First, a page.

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Motivating employees - uphill battle or rolling stone?

It's a tough time of year for employers who are struggling to motivate their employees. Generally speaking, motivated employees are more productive and more loyal (even through the tough times). A motivated workforce means less absenteeism and it's more viable financially to motivate an employee than paying the costs to replace an unmotivated one. But how do you go about motivating employees? I've done some research and have found a few useful ideas.


Critical tips to owning your success

What does success look like? Many women at work believe that success is knowing how to strike the balance between your professional and personal lives. Not so, says Jo-Ann De Wet: Senior Director of Operations at McDonald's South Africa. De Wet believes that you achieve success when your professional and personal lives are in harmony. "Both are equally important. While you won't always get it right, it is important to keep focussing on this to avoid conflict between your personal and professional lives," said De Wet. How can this be achieved?


What types of employee rewards are most effective? Part 1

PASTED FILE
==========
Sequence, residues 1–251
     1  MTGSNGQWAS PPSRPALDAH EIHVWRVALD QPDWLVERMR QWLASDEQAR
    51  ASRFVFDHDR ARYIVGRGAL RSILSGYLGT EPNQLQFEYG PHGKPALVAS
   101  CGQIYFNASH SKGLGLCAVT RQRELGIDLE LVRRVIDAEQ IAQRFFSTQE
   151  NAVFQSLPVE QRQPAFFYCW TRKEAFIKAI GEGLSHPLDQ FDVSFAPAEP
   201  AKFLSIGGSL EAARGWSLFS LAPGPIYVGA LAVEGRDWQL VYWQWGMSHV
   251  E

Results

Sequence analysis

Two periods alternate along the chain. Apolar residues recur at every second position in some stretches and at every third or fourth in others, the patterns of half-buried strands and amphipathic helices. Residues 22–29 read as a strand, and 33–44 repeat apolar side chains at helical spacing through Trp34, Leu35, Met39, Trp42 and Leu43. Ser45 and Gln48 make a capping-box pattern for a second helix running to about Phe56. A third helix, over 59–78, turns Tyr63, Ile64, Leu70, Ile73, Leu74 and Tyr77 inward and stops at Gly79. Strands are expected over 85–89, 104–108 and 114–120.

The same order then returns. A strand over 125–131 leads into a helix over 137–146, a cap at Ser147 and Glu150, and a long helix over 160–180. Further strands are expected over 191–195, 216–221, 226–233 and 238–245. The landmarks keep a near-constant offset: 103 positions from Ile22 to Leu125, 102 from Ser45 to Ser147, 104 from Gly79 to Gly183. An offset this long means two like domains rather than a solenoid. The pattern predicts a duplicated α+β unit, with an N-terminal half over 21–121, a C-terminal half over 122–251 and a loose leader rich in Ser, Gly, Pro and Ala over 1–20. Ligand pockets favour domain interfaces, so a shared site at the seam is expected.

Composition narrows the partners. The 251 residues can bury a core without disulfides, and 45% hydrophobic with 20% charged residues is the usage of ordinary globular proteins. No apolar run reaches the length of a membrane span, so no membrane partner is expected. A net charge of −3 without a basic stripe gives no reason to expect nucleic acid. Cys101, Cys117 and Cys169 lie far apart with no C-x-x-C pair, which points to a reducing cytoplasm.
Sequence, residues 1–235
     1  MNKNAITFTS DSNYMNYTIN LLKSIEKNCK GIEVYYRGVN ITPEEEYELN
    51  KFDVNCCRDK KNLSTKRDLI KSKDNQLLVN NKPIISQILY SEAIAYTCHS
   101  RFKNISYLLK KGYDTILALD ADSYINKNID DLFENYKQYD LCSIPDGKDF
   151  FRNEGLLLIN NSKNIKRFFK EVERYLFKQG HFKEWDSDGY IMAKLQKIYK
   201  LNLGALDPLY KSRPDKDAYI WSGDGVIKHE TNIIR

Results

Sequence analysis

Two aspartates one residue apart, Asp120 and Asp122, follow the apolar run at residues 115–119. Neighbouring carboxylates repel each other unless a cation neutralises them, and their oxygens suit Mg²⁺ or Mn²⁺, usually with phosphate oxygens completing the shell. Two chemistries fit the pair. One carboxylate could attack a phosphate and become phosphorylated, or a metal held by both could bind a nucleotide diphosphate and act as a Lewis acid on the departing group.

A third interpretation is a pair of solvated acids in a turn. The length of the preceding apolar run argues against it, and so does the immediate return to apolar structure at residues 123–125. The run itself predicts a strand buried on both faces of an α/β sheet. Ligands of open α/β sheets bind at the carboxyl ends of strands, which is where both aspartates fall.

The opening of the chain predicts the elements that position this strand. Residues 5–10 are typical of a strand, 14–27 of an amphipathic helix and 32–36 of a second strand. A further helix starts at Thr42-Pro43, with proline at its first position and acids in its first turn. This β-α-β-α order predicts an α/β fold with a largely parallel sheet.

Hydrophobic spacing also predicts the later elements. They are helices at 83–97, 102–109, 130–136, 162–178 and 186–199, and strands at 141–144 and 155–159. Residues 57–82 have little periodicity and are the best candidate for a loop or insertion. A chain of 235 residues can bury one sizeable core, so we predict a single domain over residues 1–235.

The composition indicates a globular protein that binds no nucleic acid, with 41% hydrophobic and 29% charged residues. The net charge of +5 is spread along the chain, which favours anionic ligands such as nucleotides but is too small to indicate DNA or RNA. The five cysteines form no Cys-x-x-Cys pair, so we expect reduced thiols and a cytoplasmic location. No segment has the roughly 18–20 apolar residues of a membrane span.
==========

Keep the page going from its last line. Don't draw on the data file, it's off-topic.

Employee rewards

We often receive calls from desperate employers that go something like this: "My senior staff are leaving in droves! Please help me with my employee management and employee rewards practices!" When we're faced with a request like this, one of the things we look at are the indirect employee rewards the company gives.


Employee development essential in a new workplace

Employee development

Employees who feel their employers aren't investing in developing them are far more likely to think about leaving to pursue better opportunities than those whose employers engage in active talent management strategies. So, why are some companies dragging their feet and refusing to invest enough in their employee development programmes?


Don’t over-emphasise the millenials!


Employers worldwide are faced with the question of how to juggle the demands and expectations of the incoming millennial workforce without alienating the baby boomers - and losing their valuable knowledge and experience. However, this distinction encapsulates one of the biggest problems within the job sector today: a glaring overemphasis on the generations and what divides them - as opposed to what binds them. In fact, there's been a complete over-emphasis on millennials and their wants and needs.